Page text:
The Commission reviewed this case to determine if the settlement contract was properly executed in order to determine if its approval should be upheld. The Commission found the settlement contract was not properly executed and therefore vacated the Arbitrator’s approval. The Commission reasoned that Section 9070.10(b) of the Illinois Administrative Code states that settlement contract forms must be completed in full and accompanied by an appropriate signed physician’s report concerning the nature, extent, and probable duration of the disability resulting from the alleged accident. Here, the Commission found that the settlement contract at issue was not completed in full because there were multiple inconsistencies with the settlement contract and accompanying documents, including whether disputed medical bills have been paid by the employer.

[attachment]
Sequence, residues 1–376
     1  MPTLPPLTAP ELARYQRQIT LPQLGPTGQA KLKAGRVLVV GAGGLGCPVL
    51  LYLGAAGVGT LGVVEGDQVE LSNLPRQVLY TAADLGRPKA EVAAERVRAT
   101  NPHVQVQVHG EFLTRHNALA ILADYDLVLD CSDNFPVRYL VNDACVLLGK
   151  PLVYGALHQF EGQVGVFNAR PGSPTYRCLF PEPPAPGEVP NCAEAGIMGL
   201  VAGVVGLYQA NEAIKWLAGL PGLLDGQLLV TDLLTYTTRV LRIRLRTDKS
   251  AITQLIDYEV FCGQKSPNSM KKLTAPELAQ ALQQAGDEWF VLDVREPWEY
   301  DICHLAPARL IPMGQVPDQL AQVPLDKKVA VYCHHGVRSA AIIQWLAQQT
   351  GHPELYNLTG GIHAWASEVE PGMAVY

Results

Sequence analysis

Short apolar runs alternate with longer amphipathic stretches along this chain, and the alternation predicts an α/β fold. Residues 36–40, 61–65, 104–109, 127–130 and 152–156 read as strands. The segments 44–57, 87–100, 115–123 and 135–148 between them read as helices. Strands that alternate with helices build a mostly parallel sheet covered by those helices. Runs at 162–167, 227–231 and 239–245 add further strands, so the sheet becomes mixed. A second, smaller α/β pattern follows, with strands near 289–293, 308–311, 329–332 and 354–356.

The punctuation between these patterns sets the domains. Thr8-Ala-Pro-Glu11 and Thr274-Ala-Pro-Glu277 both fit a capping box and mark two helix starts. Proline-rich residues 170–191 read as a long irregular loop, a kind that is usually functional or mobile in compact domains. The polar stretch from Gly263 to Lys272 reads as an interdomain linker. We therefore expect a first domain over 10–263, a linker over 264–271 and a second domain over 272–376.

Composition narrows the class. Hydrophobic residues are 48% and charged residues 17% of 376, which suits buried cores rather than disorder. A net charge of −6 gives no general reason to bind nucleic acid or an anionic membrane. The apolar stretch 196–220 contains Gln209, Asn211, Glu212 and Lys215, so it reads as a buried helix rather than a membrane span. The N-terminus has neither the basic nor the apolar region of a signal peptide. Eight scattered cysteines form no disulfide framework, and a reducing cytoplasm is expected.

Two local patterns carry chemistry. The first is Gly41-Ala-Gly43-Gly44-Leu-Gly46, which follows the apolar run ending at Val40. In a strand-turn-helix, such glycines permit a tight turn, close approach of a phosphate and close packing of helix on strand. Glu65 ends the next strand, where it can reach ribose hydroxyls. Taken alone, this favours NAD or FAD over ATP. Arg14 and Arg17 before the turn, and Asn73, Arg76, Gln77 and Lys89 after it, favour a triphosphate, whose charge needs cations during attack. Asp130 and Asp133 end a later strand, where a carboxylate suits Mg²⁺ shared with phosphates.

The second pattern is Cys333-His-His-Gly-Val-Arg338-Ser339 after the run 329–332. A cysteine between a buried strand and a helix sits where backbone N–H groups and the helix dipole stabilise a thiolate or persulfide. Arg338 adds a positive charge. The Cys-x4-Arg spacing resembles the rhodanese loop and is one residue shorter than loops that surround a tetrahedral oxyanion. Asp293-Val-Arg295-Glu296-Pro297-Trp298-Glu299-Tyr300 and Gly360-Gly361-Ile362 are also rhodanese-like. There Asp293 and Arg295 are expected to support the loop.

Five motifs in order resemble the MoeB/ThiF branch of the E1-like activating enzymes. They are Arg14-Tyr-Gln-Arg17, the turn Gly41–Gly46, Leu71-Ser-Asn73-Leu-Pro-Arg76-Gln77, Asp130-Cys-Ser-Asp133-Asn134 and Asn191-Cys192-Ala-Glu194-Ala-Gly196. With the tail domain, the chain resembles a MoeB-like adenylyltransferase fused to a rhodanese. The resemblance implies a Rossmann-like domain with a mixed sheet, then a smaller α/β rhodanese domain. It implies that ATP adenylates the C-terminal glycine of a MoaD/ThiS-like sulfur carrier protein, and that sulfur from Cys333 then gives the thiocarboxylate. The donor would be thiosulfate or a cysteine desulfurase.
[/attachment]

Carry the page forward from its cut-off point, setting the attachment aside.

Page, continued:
Garrett v. Chad-Nic Management Services, Inc.20 I.W.C.C. 026518 WC 32235
Carpenter v. CTA - (No Citation)
Cook v. State of Illinois/Dept. of Human Services20 I.W.C.C. 0269
18 WC 04529
Maddy v. Purdy Brothers Trucking20 I.W.C.C. 0274
19 WC 05686
Fornear v. State of Illinois/Dept. of Corrections - (No Citation)
Robinson v. Wal-Mart - (No Citation)
Gabriel v. Menards20 I.W.C.C. 0260
15 WC 24061
Parr v. University of Illinois20 I.W.C.C. 0261
19 WC 18610
Bucaro v. Illinois Guaranty Fund - (No Citation)
Vasquez v. Wal-Mart20 I.W.C.C. 0290
18 WC 05413
Cowger v. CPC Logistics, Inc.20 I.W.C.C. 0289
19 WC 09703
Download a copy.
Laura Hrubec, President | Vitas J. Mockaitis, Vice President | Michelle Lafayette, Secretary | Catherine Doan, Treasurer
Copyright © 2016 WCLA. All Rights Reserved.